Seagram Co., owner of Universal Music Group, and Bertelsmann AG, owner of
BMG Records, Wednesday unveiled an e-commerce alliance worth an estimated $10.4 billion
The announcement, disclosed at a New York press conference, will combine
Universal labels MCA, Geffen, new acquisition Polygram NV, Def Jam,
Mercury, Motown and A&M with Bertelsmann’s entities RCA, Arista, Elecktra
Nonesuch and BMG Classical. Universal is the biggest U.S record company,
holding a 27 percent market share, and BMG follows in second place, with a
17 percent share.
Universal and Bertelsmann will promote and sell CDs from their labels on a new Web site,
The union is the latest move by several record companies to thwart losing sales to digital distribution. Although the companies did not specifically lay out plans to distribute music over the Internet, analysts say that may come later once standards are settled.
While the MP3 format is commonly used by independent artists and a few mainstream ones, the record industry is working to develop a new format that will support digital distribution while ensuring music cannot be distributed without money going to the artists and record labels.
Similiar deals have been made between EMI Group PLC in the U.K. and Japan’s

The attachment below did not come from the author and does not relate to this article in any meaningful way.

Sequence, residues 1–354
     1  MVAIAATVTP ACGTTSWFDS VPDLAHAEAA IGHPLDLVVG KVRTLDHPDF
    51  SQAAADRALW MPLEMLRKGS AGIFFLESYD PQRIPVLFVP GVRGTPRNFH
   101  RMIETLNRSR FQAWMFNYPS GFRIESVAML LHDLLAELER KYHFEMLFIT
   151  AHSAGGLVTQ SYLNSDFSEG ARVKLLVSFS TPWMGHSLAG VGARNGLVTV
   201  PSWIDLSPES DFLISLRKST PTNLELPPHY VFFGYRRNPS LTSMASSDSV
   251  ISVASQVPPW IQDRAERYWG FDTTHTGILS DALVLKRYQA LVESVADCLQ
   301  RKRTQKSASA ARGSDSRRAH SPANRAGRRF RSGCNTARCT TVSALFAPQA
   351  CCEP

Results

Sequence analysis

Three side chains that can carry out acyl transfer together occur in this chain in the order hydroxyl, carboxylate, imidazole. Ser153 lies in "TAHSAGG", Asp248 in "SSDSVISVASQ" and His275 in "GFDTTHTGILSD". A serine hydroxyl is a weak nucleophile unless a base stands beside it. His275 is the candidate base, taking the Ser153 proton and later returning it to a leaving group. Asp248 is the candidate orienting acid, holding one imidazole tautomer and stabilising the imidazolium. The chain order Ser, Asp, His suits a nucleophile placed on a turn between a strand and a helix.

Sony Music. Last month those companies forged a joint venture in aligning
Last month those companies forged a joint venture in aligning
their Internet sites. In addition, Time Warner’s Warner Music and Sony
Music operate an e-tail site, Total E, managed by the Columbia House music
club and co-owned by the companies.
The conglomerates plan to retail not only each other’s artists, but other
record companies’ as well, including the smaller independents. However,
only the companies’ musical acts will be advertised and promoted. Critics
have contended that record company sites are contain limited resources for
consumers, since they e-tail only their own artists’ music.
BMG has already begun promotion of its roster of artists, who include Puff
Daddy, Reba McEntire and Luciano Pavorotti, in sites such as Peeps.com, an R&B site, country music site
Twangthhis.com, and alternative
music site Bugjuice.com.
The new site will face forminable competition from music e-tailers Amazon.com, whose sales have surpassed CDNow, which recently merged with N2K. Amazon reports it has 8 million
customers, while CDNow has 1.6 million. Those sites also generate sales via
their exclusive promotional partnerships with powerhouses AOL, Excite and Yahoo!.